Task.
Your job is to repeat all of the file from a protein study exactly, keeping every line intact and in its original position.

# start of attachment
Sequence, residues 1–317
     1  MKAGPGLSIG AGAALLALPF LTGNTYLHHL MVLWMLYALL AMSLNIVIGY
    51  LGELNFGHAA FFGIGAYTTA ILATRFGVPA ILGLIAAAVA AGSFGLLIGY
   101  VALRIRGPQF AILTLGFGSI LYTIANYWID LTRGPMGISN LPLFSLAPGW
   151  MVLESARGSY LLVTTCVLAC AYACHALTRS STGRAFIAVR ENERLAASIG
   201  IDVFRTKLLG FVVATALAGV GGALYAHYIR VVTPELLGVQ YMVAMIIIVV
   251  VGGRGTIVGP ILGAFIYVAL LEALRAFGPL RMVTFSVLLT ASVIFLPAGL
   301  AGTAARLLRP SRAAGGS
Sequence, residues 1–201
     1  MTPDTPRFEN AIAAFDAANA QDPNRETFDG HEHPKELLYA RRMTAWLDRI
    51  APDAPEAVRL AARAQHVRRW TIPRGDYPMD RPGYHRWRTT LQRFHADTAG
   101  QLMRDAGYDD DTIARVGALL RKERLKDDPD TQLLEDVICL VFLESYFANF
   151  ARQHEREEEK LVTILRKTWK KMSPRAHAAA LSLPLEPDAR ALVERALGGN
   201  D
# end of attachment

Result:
Sequence, residues 1–317
     1  MKAGPGLSIG AGAALLALPF LTGNTYLHHL MVLWMLYALL AMSLNIVIGY
    51  LGELNFGHAA FFGIGAYTTA ILATRFGVPA ILGLIAAAVA AGSFGLLIGY
   101  VALRIRGPQF AILTLGFGSI LYTIANYWID LTRGPMGISN LPLFSLAPGW
   151  MVLESARGSY LLVTTCVLAC AYACHALTRS STGRAFIAVR ENERLAASIG
   201  IDVFRTKLLG FVVATALAGV GGALYAHYIR VVTPELLGVQ YMVAMIIIVV
   251  VGGRGTIVGP ILGAFIYVAL LEALRAFGPL RMVTFSVLLT ASVIFLPAGL
   301  AGTAARLLRP SRAAGGS
Sequence, residues 1–201
     1  MTPDTPRFEN AIAAFDAANA QDPNRETFDG HEHPKELLYA RRMTAWLDRI
    51  APDAPEAVRL AARAQHVRRW TIPRGDYPMD RPGYHRWRTT LQRFHADTAG
   101  QLMRDAGYDD DTIARVGALL RKERLKDDPD TQLLEDVICL VFLESYFANF
   151  ARQHEREEEK LVTILRKTWK KMSPRAHAAA LSLPLEPDAR ALVERALGGN
   201  D